Telecommuting used to be rare because it used to be almost impossible. Before today’s sophisticated workplace information technology, logistical challenges made it tough for a “lone wolf” employee to work remotely from home, disconnected, out-of-touch, inaccessible and isolated from the workplace, apart from supervisors, colleagues and customers. “Getting the job done” used to be hard without direct access to a secretary and to employer infrastructure, company resources and back-office support.
Today, while many jobs still require employees be in physical contact with the workplace and the employer’s “means of production,” more and more jobs do not. Today’s information technology has freed many employees from the brick-and-mortar workplace. Even a star performer today might telecommute successfully, keeping connected with a laptop, smartphone, printer, express courier delivery, videoconferencing and (ideally but not necessarily) a land-line. Today, we even see telecommuting in personal-service jobs that once seemed impossible to work remotely—now, even some doctors work from home.
Work-from-home can be rewarding for both telecommuter and employer. Remote-working staff benefit from telecommuting for obvious reasons, and certain employers can benefit because remote work arrangements deepen the pool of available talent by attracting and retaining those who for whatever reason (business, personal, physical disability) cannot “punch the clock” every day at a fixed workplace. Work-from-home can boost employee “engagement” and job satisfaction. Under certain circumstances it turns wasted commuting time into productive work time. And telecommuting might save employers money—commercial real estate is expensive.
Many telecommuters are local, living and working in the same metropolitan area as the employer and available to check into the office occasionally. Some telecommuters are long-distance, living hundreds or thousands of miles from the employer, maybe off in another region of the country. And then there is the international telecommuter, someone working from a home overseas, in a country other than that of the employer. International telecommuters pose special problems beyond the basic logistics of engaging a local telecommuter. International telecommuting can be more expensive for an employer, and it always requires closer attention to legal compliance. The complications in international telecommuting flow from the inherently territorial nature of employment law (choice-of-foreign-law clauses rarely divest the mandatory application of host-country employee protection laws). To engage someone to work remotely in a foreign country is an awkward structure outside what employment law presumes: Employment laws worldwide assume a “master” employs and pays a “servant” both in the same jurisdiction, presumably in the same workplace.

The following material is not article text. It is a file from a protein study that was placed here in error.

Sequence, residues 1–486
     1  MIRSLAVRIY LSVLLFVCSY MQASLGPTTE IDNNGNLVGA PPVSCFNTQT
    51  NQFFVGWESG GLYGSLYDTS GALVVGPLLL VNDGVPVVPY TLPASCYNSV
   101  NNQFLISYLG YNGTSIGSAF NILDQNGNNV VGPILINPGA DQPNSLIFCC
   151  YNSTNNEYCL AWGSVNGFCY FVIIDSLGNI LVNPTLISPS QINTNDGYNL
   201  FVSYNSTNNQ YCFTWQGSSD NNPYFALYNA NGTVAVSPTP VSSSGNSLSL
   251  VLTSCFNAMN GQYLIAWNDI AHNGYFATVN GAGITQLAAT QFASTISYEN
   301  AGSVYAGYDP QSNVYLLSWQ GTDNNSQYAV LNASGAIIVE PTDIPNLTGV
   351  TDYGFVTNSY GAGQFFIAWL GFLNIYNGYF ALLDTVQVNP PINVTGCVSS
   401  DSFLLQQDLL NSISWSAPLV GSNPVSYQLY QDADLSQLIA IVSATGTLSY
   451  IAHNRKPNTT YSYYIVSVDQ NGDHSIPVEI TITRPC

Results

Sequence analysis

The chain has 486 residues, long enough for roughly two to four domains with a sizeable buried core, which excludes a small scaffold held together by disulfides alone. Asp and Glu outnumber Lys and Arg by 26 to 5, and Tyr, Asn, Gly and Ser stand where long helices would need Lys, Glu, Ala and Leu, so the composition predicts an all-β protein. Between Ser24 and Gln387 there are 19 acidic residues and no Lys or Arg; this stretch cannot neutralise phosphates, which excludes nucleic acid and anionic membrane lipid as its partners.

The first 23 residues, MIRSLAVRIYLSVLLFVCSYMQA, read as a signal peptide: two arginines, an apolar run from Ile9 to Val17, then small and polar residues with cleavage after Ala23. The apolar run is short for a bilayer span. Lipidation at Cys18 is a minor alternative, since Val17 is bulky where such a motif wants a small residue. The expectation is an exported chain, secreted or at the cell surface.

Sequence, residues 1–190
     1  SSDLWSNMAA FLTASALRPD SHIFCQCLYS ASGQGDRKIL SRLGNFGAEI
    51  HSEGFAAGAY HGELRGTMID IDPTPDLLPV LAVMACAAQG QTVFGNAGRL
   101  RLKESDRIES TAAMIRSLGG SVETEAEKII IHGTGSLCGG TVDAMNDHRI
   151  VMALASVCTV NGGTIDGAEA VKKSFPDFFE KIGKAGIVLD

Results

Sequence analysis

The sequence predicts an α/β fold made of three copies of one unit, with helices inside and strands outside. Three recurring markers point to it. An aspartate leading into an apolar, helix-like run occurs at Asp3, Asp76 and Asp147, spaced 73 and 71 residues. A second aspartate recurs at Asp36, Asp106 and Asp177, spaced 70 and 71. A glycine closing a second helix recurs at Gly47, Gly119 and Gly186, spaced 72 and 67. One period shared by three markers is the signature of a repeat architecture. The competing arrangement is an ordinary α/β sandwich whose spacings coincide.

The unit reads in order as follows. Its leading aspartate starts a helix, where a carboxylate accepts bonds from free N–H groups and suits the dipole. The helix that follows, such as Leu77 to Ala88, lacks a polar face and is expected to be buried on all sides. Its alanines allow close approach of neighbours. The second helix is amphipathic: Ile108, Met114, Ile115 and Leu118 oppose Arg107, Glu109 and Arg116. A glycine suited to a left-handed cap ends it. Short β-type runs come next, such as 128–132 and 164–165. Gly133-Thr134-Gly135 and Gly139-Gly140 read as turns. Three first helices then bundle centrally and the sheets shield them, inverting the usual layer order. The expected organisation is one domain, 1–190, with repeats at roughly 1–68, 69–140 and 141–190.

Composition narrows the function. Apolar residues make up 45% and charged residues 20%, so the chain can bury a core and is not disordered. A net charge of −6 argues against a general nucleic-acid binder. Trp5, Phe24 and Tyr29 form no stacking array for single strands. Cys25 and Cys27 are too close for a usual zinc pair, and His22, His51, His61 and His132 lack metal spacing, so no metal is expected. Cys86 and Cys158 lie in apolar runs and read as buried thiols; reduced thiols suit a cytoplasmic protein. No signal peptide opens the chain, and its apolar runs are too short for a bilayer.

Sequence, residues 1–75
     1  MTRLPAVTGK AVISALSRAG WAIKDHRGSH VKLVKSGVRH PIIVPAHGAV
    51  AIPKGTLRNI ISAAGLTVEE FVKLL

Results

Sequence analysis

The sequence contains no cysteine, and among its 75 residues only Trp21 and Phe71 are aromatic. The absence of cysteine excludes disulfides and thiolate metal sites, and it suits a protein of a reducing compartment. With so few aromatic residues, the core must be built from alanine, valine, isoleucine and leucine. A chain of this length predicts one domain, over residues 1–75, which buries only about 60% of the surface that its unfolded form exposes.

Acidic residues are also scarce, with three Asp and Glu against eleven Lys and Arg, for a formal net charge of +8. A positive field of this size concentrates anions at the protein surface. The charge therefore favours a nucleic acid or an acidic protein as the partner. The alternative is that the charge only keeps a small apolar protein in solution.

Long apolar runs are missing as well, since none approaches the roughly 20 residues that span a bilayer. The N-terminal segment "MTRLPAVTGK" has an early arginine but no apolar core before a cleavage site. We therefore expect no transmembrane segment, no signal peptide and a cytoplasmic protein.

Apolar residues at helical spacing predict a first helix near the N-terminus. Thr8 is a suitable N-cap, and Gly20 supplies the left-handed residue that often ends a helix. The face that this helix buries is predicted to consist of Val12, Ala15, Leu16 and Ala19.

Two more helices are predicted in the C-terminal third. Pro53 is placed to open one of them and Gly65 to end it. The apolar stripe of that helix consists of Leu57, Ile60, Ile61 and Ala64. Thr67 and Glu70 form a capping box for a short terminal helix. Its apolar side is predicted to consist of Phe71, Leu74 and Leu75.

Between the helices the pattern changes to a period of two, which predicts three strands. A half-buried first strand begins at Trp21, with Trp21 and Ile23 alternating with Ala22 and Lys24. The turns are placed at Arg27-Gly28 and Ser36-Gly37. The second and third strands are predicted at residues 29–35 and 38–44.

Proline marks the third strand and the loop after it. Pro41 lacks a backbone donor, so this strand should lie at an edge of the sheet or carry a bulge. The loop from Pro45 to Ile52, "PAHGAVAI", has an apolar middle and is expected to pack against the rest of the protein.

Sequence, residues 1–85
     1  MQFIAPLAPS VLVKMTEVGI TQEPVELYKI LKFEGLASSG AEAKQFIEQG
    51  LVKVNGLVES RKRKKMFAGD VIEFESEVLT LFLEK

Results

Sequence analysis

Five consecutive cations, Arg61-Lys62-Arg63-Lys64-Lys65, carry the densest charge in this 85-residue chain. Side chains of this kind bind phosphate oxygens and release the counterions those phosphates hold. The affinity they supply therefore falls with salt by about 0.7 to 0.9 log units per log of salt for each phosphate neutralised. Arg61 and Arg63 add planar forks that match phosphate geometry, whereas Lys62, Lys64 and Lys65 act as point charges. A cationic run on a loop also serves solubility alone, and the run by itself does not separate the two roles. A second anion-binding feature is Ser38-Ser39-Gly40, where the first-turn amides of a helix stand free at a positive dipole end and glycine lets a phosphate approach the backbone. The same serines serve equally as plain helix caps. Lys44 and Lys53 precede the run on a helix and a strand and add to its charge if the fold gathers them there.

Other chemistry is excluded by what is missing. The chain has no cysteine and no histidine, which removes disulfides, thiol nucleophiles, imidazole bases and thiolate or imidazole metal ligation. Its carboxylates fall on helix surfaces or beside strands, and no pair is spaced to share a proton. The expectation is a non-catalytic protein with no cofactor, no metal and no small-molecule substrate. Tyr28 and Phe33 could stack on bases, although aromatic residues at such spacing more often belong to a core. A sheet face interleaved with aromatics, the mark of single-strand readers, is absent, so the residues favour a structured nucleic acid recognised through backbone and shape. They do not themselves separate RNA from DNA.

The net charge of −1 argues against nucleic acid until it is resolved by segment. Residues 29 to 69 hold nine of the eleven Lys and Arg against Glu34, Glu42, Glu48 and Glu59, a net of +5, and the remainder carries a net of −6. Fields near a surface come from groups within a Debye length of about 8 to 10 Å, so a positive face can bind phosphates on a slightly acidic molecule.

The problems inherent to remote working overseas can make a proposed international telecommuting arrangement not worth the cost and effort. And these problems can cause an actual international telecommuting arrangement to fail, sometimes sparking expensive lawsuits. When considering any proposal for international telecommuting, begin by addressing the basic logistics as you would engage a domestic telecommuter to work from home locally. Then confront the special problems endemic to international telecommuting by accounting for the specifics of the particular cross-border telecommuting scenario. International telecommuting arrangements come up in a handful of contexts or scenarios. How best to employ and payroll a given international telecommuter depends on the specific context or scenario at issue. When an international telecommuting proposal seems viable, work through a checklist of the structural issues that relate to international telecommuting.
Our discussion here follows this approach. We assume the employer is already familiar with the basic logistics of engaging a domestic telecommuter to work from home locally. We begin by outlining the various international telecommuting contexts and scenarios. Then we set out a checklist of the issues to account for in structuring a cross-border or transnational telecommuting arrangement.
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Compliments of Littler Mendelson – a member of the EACC in New York